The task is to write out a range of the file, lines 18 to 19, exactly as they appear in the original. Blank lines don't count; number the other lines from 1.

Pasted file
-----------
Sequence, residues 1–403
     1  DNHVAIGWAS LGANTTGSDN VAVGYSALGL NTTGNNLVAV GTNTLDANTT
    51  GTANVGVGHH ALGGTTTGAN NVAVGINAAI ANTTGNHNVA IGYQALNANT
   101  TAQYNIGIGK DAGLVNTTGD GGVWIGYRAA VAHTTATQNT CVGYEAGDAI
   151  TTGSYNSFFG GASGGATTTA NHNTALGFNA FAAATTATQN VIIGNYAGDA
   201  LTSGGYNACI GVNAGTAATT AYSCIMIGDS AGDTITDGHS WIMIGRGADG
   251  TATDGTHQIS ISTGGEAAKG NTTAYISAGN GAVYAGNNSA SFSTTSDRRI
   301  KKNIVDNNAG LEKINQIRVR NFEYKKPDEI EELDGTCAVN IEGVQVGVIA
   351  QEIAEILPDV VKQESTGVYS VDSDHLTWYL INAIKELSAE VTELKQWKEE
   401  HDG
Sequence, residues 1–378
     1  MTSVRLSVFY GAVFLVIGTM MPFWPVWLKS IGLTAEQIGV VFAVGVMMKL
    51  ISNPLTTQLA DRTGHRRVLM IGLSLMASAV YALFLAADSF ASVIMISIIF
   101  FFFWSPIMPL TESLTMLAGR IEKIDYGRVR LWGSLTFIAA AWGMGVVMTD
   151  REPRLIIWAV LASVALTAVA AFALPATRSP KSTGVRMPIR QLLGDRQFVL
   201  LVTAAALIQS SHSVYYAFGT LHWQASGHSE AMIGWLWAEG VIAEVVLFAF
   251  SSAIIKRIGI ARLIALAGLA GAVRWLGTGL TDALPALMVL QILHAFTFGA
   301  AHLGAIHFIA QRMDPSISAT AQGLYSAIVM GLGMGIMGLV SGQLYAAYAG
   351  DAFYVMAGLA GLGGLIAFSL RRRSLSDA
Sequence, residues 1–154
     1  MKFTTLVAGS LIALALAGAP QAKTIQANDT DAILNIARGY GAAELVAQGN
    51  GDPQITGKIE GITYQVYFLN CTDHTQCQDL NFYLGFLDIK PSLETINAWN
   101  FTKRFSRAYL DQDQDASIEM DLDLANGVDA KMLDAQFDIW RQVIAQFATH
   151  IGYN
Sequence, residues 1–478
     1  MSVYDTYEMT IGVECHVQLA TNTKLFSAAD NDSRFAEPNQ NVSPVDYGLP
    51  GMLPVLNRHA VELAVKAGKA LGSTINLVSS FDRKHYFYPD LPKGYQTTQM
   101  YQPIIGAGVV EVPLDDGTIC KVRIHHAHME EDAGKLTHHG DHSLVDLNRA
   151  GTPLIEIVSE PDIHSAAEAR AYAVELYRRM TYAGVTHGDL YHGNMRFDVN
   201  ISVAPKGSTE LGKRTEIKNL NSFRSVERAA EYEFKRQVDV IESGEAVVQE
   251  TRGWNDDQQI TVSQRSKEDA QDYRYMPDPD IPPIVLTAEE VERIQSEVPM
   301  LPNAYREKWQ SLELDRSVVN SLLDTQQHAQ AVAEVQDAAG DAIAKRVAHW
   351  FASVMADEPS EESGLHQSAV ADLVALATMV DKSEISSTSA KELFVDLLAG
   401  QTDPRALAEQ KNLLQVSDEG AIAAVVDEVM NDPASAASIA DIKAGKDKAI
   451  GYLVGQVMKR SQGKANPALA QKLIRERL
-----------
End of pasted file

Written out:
   301  AHLGAIHFIA QRMDPSISAT AQGLYSAIVM GLGMGIMGLV SGQLYAAYAG
   351  DAFYVMAGLA GLGGLIAFSL RRRSLSDA